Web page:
Mark 1 (Common English Bible)

1 The beginning of the good news about Jesus Christ, God’s Son, happened just as it was written about in the prophecy of Isaiah:

Look, I am sending my messenger before you.
He will prepare your way,
a voice shouting in the wilderness:
        “Prepare the way for the Lord;
        make his paths straight.”

This is a convincing and deliberate way to speak to the Jews of the time. Mark begins by presenting Jesus as the fulfillment of a well-known prophecy. Every hearer would have known Isaiah’s foretelling of the promised Messiah. Mark connects the preparation that Isaiah laid with John the Baptist’s call to prepare. This is to demonstrate that Jesus is the long-awaited Jewish Messiah.

John’s preaching

John the Baptist was in the wilderness calling for people to be baptized to show that they were changing their hearts and lives and wanted God to forgive their sins. 

Here we find the instructions for how to prepare to receive the Messiah. Change your heart. Change your life. Ask God to forgive your sins.

Sounds a little like Lent, doesn’t it?

But what better way could we possibly prepare ourselves for the incoming and indwelling of God-made-flesh?

Everyone in Judea and all the people of Jerusalem went out to the Jordan River and were being baptized by John as they confessed their sins. John wore clothes made of camel’s hair, with a leather belt around his waist. He ate locusts and wild honey. 

OK, so John was a little strange in his appearance and habits. But the spotlight was never supposed to be on him. His announcement is loud and clear: there is one coming after me who will baptize you with the Holy Spirit.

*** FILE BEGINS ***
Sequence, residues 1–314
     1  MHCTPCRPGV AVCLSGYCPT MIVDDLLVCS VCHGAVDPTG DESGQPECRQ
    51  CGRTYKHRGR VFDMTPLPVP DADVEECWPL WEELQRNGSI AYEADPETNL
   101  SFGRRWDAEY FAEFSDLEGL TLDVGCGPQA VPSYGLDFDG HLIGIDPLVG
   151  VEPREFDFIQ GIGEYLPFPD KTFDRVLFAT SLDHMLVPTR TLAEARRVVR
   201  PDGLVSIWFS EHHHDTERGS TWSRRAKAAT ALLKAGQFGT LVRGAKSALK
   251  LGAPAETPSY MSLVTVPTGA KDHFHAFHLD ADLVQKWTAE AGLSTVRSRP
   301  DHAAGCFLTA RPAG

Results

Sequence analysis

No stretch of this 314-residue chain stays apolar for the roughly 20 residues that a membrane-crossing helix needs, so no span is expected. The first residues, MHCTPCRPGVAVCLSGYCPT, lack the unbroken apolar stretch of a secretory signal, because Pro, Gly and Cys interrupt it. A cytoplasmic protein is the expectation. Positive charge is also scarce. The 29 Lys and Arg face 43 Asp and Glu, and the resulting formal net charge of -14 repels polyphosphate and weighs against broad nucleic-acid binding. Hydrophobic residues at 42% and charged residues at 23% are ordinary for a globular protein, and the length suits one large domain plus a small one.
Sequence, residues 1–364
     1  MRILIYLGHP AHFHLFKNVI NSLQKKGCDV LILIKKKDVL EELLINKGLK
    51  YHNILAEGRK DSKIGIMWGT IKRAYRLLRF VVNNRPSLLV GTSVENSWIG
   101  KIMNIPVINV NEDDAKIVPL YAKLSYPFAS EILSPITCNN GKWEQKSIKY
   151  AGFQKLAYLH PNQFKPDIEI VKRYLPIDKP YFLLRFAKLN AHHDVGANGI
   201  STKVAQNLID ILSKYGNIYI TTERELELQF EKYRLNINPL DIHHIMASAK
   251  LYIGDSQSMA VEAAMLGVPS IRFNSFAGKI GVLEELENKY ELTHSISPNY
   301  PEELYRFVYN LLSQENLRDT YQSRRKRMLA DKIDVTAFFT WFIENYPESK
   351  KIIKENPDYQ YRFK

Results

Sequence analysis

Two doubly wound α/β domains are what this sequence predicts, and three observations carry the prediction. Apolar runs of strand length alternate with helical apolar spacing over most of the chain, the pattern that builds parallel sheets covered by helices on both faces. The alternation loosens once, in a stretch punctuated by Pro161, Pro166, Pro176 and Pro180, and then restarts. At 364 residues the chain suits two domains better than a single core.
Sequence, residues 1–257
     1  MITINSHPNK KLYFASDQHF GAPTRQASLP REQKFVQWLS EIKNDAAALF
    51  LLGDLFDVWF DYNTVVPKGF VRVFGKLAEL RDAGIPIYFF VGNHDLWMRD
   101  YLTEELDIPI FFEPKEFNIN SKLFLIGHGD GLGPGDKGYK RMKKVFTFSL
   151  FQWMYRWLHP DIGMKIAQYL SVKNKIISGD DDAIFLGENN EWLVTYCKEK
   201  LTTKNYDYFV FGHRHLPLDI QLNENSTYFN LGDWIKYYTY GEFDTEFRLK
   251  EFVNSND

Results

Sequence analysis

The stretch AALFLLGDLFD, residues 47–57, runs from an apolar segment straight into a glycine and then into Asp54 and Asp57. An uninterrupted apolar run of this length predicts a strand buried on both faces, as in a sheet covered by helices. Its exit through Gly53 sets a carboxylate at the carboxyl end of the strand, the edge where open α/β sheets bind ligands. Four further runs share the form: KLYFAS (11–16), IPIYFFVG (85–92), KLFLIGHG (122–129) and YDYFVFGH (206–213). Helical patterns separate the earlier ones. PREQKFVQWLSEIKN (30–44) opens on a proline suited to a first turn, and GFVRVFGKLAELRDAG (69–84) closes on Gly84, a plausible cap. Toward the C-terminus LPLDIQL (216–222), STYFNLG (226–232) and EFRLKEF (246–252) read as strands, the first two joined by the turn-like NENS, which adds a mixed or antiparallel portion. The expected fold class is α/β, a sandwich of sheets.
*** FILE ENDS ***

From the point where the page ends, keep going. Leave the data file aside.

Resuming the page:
He announced, “One stronger than I am is coming after me. I’m not even worthy to bend over and loosen the strap of his sandals.I baptize you with water, but he will baptize you with the Holy Spirit.”

This might be a good day to put down the tinsel, set aside the wrapping paper, and really be about our Father’s work. It was his will to send Jesus so that we might be cleansed of our sins and saved.

How are you preparing? Have you stopped your Christmas preparations long enough to do some Advent soul-searching?

Today is the day. Ask God to come into your heart and take inventory. And be ready for a baptism of confession, repentance, forgiveness, and change.

Come, Holy Spirit! Make us ready.

Preparing by Jennifer Thompson

The Great ADVENTure

Come along with me on a great adventure. One that doesn’t require time in the malls or searching Amazon, but one that ushers in the ADVENT of the Kingdom of God on earth. This breaking-through of the holy presence did not get cleaned up by hospital nurses and handed to his momma wrapped in a hospital print blanket and matching hat. This presence did not receive a baby shower with brightly wrapped presents from his adoring family. This presence didn’t even have a gender reveal party…can you imagine?

No, this presence was birthed in dirt and spent his first night on earth sleeping to the sounds of a mooing cow and a snoring donkey. The stink must have been noticeable, but he was too little and much too polite to mention it.